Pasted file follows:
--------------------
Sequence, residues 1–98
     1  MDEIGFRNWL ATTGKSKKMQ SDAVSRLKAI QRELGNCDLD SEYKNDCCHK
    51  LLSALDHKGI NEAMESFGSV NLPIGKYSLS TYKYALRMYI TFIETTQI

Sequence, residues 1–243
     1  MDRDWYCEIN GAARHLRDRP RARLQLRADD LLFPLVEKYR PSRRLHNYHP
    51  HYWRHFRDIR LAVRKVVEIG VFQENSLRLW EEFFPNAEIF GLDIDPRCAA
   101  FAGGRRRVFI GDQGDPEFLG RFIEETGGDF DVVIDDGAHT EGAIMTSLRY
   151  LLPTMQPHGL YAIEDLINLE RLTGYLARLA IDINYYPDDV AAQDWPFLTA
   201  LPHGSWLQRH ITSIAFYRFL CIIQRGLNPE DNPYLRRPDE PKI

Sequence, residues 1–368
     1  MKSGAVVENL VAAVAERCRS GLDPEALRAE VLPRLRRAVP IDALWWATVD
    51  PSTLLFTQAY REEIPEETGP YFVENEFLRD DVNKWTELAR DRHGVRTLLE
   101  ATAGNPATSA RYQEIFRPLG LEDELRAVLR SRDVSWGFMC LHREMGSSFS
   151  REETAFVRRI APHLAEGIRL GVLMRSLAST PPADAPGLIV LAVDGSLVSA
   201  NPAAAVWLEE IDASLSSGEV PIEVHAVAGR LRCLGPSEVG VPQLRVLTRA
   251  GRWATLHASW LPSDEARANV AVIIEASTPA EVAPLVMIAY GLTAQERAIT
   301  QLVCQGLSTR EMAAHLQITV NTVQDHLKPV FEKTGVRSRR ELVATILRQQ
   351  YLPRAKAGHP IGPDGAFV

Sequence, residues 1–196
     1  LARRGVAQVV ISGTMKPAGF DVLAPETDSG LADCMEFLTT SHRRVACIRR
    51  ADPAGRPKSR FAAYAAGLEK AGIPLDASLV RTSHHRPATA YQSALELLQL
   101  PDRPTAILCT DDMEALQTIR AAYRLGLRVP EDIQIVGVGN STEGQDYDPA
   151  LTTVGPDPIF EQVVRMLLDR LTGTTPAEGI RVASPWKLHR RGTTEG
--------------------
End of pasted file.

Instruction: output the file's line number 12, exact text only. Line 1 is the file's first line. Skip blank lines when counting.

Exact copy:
    51  PSTLLFTQAY REEIPEETGP YFVENEFLRD DVNKWTELAR DRHGVRTLLE